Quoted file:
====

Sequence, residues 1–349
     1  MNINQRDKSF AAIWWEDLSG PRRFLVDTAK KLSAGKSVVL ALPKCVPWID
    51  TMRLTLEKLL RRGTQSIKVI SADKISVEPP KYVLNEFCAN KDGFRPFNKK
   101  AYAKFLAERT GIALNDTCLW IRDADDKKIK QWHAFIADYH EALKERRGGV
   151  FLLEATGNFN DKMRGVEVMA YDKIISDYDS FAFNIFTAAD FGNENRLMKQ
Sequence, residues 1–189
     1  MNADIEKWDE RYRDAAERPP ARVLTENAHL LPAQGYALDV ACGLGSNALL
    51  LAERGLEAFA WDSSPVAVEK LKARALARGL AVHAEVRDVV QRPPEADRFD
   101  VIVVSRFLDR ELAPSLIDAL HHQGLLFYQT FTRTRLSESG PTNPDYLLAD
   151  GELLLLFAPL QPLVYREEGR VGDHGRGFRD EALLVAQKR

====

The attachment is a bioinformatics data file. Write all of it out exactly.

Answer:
Sequence, residues 1–349
     1  MNINQRDKSF AAIWWEDLSG PRRFLVDTAK KLSAGKSVVL ALPKCVPWID
    51  TMRLTLEKLL RRGTQSIKVI SADKISVEPP KYVLNEFCAN KDGFRPFNKK
   101  AYAKFLAERT GIALNDTCLW IRDADDKKIK QWHAFIADYH EALKERRGGV
   151  FLLEATGNFN DKMRGVEVMA YDKIISDYDS FAFNIFTAAD FGNENRLMKQ
Sequence, residues 1–189
     1  MNADIEKWDE RYRDAAERPP ARVLTENAHL LPAQGYALDV ACGLGSNALL
    51  LAERGLEAFA WDSSPVAVEK LKARALARGL AVHAEVRDVV QRPPEADRFD
   101  VIVVSRFLDR ELAPSLIDAL HHQGLLFYQT FTRTRLSESG PTNPDYLLAD
   151  GELLLLFAPL QPLVYREEGR VGDHGRGFRD EALLVAQKR